On the surface, Emily Mitchell and Rick Womick are complete opposites. She is a democratic elementary school teacher who is the president of the Tennessee Education Association—the state’s largest teacher’s union. He, on the other hand, is a conservative Tennessee State Representative. However, according to an article recently completed by The New York Times, these two, and many other left and right wing opponents, are teaming up to fight policies trying to force themselves into the public education system.
These unlikely allies may not agree on much, but they do tend to share beliefs on strict academic benchmarks, standardized testing and performance driven evaluations for teachers. These hot button issues are bringing together countless coalitions of teachers, lawmakers and parents from opposite sides of politics all across the country.
In Oklahoma, a teacher union supported a Republican bill to overturn a law that required all third graders who did not pass a certain standardized test to be held back. In New Jersey, a bill that worked to use test score results to affect teacher evaluations and sought to slow down the introduction of the new Common Core standards was passed with a rare vow of confidence in the form of a unanimous vote. In New York, Common Core became an issue once again, as opposition from both left and right wing officials led to a delay in student’s facing consequences from this year’s standardized test results. Specifically, conservative Republicans of Tennessee, including Womick, joined the teacher’s union in supporting a bill to delay administering a standardized test aligned with the Common Core standards.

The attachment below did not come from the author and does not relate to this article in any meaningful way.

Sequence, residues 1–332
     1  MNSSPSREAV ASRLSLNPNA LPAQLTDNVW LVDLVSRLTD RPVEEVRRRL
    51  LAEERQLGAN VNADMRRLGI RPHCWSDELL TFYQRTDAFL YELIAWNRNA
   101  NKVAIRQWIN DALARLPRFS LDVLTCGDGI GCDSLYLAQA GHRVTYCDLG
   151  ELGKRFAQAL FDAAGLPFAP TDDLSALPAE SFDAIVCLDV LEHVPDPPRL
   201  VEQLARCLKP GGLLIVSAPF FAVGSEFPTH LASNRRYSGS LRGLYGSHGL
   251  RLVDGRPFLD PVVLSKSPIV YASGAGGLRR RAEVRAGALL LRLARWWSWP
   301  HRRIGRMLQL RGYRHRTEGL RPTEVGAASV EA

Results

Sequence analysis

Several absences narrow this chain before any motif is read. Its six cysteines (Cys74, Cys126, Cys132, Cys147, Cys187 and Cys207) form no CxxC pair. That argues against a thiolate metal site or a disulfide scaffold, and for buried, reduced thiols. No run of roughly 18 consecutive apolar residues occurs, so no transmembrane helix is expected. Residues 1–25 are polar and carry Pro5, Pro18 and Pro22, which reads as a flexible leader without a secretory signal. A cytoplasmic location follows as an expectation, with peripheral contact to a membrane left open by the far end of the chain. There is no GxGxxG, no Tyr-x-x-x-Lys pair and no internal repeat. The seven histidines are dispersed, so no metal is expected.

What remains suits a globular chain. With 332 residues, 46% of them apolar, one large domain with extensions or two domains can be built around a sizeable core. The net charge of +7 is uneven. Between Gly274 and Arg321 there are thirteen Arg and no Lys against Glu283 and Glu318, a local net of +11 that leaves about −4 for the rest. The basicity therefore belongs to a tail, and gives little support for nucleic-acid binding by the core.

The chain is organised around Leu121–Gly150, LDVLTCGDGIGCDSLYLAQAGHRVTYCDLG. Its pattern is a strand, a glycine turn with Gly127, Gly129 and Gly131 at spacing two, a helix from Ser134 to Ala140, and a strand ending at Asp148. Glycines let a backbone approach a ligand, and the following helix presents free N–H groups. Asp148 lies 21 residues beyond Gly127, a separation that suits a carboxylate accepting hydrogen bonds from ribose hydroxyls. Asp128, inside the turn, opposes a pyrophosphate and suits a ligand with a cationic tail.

The Common Core standards, which are a set of nationalized standards for reading and math applicable to elementary, middle and high school levels, is something of a common ground between left and right wing advocates. But, the reason for opposition is obviously different for each group. For those from the left, the concern comes from the high stakes involved in the Common Core, which are far more detailed and demanding on the student, to the point of impossibility, some argue. For the right wing officials, national intervention in state-driven public schooling becomes an issue. In essence, those who hail from the right simply do not want national standards.
From this controversy, several teachers acknowledge that they are wary of allegiances between the two opposing political agendas. However, if working together can bring the focus back to where it belongs—the students—then any means is worth the end.
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